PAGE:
Lavinia's Reviews > Steaua fără nume

Steaua fără nume by Mihail Sebastian
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Nov 07, 10

bookshelves: 2010, plays, ro
Read in November, 2010

Nu stiu cum se scrie dramaturgia azi, dar stiu sigur ca Sebastian si-a scris piesele de teatru cu scopul definit de a fi jucate, ceea ce s-a si intimplat. Nu de putine ori, stia clar cine ar vrea sa joace cutare sau cutare personaj, si scria rolul special pentru el/ea. Si mai stiu ca scria teatru (si) pentru ca avea nevoie de bani, pentru ca piesele si traducerile din dramaturgie aduceau un cistig relativ rapid.

Un pic din istoria piesei: in 1944, din cauza regimului Antonescu, numele lui Sebastian nu putea fi trecut pe afis, munca unui evreu putea avea repercusiuni uriase asupra tuturor celor implicati, asa ca s-a recurs la folosirea numelui lui Stefan Enescu, sotul unei actrite. Piesa s-a montat in acelasi an la doua teatre bucurestene diferite, cu un succes extraordinar, ceea ce, sa fim sinceri, nu e putin lucru.

Daca ai citit Accidentul, simti ca piesa ii apartine (si poate ca si sus-pusii vremii au simtit-o!), are ceva din atmosfera primei parti, a intilnirii dintre Nora si Paul . Nu m-a cucerit pe de-a-ntregul, recunosc, insa mi-a placut finalul (prea liric, totusi) - imposibilitatea depasirii conditiei, eterna acceptare a faptului ca nu-ti poti schimba destinul, desi, cu putin efort, Mona ar fi putut avea un final fericit diferit, insa miza piesei ar fi fost total compromisa.

Ca fapt divers, domnisoara Cucu mi s-a parut un personaj aproape mai interesant decit Mona. Cu siguranta cu mult mai mult umor. Caci piesa e catalogata drept comedie.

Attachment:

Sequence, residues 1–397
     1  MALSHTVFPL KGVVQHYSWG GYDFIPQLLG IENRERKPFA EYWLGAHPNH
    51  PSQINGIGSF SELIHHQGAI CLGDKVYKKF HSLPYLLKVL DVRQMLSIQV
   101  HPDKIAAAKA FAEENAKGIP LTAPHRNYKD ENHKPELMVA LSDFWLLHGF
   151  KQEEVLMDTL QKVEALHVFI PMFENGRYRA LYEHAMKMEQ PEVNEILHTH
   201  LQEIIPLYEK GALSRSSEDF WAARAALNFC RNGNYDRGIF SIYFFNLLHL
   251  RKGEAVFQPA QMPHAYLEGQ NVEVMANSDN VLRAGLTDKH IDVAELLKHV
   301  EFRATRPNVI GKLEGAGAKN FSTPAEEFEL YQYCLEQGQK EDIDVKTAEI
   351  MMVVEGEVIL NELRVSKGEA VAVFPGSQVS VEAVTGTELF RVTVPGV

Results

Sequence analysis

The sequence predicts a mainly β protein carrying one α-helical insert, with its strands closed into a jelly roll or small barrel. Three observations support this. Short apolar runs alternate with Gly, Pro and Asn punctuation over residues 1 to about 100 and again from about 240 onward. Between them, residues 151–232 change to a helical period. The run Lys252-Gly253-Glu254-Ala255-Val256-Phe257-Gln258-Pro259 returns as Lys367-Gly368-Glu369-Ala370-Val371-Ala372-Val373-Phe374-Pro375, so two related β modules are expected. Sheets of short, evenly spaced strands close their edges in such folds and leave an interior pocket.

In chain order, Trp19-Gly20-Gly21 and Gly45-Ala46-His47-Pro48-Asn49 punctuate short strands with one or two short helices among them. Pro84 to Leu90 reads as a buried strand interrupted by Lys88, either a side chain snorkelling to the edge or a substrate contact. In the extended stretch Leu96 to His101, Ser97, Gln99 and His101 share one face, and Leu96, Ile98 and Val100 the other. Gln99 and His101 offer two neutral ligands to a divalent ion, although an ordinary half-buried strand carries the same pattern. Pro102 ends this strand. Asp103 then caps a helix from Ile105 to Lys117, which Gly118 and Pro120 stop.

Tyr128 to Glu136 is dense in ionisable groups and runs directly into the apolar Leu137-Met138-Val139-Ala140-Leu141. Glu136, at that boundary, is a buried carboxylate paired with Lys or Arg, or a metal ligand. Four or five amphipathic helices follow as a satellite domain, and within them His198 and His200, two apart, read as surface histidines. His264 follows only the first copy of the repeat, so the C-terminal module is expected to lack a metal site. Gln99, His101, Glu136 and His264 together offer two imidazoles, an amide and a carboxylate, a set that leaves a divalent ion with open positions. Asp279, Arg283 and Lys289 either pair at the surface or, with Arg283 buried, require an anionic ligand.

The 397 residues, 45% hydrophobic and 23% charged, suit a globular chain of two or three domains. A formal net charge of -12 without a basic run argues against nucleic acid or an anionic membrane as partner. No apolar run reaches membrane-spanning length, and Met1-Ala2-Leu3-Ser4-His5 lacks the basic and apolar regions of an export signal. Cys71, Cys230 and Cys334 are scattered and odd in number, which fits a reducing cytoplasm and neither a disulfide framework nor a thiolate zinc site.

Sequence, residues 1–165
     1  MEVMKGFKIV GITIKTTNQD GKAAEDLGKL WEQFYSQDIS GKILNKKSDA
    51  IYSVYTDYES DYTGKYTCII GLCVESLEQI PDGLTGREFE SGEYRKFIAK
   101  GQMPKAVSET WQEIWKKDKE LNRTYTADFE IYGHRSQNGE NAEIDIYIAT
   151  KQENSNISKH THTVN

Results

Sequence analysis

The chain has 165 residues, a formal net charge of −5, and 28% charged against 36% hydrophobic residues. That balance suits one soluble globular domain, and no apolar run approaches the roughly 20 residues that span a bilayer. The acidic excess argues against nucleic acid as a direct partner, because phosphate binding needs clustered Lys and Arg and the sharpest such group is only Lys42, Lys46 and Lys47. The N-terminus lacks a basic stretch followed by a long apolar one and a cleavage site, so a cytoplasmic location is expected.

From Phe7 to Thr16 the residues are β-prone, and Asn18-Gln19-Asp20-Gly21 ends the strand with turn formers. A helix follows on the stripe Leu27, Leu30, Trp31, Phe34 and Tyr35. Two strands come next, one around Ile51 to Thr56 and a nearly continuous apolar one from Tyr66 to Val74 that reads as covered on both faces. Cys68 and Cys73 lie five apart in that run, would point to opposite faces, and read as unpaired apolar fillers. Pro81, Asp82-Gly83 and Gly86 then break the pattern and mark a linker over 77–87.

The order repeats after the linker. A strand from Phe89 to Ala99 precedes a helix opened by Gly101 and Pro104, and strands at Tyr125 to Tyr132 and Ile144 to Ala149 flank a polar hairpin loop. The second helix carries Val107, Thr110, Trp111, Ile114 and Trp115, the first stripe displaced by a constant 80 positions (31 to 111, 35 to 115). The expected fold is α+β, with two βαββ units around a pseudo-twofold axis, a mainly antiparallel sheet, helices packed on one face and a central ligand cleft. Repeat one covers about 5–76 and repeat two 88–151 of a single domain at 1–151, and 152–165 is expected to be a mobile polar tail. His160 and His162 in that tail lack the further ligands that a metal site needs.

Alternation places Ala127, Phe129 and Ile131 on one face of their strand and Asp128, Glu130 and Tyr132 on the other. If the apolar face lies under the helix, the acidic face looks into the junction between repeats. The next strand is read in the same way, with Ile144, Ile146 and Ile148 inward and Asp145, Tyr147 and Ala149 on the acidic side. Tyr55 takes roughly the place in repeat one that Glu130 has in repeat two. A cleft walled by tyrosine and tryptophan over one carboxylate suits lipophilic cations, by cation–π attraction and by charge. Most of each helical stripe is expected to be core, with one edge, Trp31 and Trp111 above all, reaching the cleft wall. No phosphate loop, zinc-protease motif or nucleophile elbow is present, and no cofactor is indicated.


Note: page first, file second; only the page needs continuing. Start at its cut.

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message 4: by Jana (new)

Jana How are you with Italian and Spanish? Anyway, Romanian sounds beautiful.

message 3: by Lavinia (last edited Nov 07, 2010 11:27PM) (new) - rated it 3 stars

Lavinia I like Italian and I studied it a bit on my own, I understand a great deal of it but never really practised, except for short, useful phrases while visiting Italy. I also understand Spanish a bit, due to our common Latin background, but that's all.

Romanian is beautiful and quite rich as a language; beyond the Latin roots, there are a lot of other influences, like Slavic, Hungarian, Turkish, Greek or even German. That doesn't make things easy for those who want to learn it as a foreign language.

Anyway, sorry for the long reviews in Romanian, I'll try to write short ones in English as well, in the future.

message 2: by Jana (new)

Jana No no, I don't mind your review. It was just strange to read Romanian and to actually discover how Latin it sounds. Croatian is awfully difficult as well, it's because there are 7 cases (singular/plural+gender) for all nouns, pronouns and adjectives. I was teaching Croatian for foreigners and it was so difficult for people to understand the complexity of this language. Verbs are screwed up as well, but declension is a horror. Plus all the letters: ć, č, š, ž, đ, dž, lj, nj. Big confusion all together :)

We as well have big influences from Turkey and Germany, and although it's a Slavic language, but except Serbian, Slovenian and Bosnian (which are more less the same) I can't understand anybody from this group.

Concerning English, although I make mistakes all the time, I still think it's the easiest foreign language to learn, to start with. Then Italian and Spanish. I don't get along very well with French and Portuguese and had an awful German professor in high-school so she kind of ruined it for me. Anyway, love languages. :)

message 1: by Lavinia (last edited Nov 08, 2010 07:07AM) (new) - rated it 3 stars

Lavinia Apparently, the two languages have a lot in common: diacritic marks (ă î â ș ț), endless verbal tenses, declensions, and to top that, a third gender, the neuter - for things, generally.

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